Job duties of physician's assistants include examining patients, diagnosing injuries and providing treatment. Daily responsibilities include reviewing medical histories, prescribing medicine, educating patients about treatment, counseling families and conducting physical exams to observe patient health. In some cases, physician's assistants visit nursing homes and make house calls to treat patients.
Physician's assistants are also called PAs, and these health care professionals practice medicine under the supervision of a surgeon or physician. On a daily basis, a PA may be required to order and observe diagnostic tests, such as urine samples, x-rays and blood tests. Physician's assistants provide diagnoses for various illnesses and offer treatment to patients, such as immunizations and the setting of broken bones.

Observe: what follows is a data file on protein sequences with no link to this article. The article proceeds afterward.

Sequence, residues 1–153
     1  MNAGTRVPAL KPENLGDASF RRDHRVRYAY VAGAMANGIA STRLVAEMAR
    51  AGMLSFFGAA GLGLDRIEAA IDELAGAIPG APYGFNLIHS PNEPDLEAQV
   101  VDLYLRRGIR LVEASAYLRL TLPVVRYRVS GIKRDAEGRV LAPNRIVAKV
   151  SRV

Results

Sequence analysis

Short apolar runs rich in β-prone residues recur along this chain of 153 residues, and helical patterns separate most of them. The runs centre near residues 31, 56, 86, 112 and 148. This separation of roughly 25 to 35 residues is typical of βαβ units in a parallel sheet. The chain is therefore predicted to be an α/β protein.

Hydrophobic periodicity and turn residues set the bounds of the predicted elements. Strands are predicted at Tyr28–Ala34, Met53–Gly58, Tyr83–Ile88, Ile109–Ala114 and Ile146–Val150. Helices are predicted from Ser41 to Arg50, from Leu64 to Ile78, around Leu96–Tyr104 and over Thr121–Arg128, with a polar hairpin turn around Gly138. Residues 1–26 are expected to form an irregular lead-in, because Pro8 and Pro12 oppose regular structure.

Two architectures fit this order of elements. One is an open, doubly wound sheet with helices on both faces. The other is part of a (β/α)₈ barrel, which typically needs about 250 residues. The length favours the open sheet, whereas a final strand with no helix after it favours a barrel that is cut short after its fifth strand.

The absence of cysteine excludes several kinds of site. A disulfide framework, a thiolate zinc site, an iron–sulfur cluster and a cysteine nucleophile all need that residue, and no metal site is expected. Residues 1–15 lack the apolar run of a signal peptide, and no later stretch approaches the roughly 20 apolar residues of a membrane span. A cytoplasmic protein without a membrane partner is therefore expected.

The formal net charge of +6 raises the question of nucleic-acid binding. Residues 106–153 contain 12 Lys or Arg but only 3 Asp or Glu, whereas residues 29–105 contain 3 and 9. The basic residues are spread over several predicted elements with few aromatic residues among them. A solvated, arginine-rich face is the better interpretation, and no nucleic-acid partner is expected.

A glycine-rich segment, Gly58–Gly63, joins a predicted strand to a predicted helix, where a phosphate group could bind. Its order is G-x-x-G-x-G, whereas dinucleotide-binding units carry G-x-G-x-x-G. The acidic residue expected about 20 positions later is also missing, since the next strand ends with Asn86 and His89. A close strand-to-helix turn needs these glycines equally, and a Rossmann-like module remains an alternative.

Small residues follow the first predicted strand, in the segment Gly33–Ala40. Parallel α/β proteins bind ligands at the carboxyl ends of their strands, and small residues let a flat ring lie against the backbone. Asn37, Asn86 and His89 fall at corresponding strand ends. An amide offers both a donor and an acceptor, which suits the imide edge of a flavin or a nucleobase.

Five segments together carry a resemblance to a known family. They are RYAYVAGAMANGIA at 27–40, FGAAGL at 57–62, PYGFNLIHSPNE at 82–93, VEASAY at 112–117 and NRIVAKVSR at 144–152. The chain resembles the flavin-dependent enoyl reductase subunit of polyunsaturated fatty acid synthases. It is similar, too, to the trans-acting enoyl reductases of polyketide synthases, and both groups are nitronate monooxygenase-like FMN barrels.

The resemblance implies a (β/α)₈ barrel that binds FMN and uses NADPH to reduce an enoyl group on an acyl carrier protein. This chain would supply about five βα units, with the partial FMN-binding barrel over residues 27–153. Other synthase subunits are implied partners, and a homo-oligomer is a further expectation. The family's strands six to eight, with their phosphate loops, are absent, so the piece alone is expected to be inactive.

PAs must also record the progress of patients and research current treatments. Physician's assistants must guarantee the patient receives the highest quality of care. In some instances, the PA must facilitate or participate in outreach programs to speak with groups about ways to promote wellness and manage disease.
The role of the physician's assistant can vary, and depends on the needs of the supervising physician. These professionals work in all areas of medicine, including primary care, emergency medicine, family medicine and psychiatry. Physician's assistants also provide various forms of preventive, diagnostic and therapeutic services as required by the supervising physician.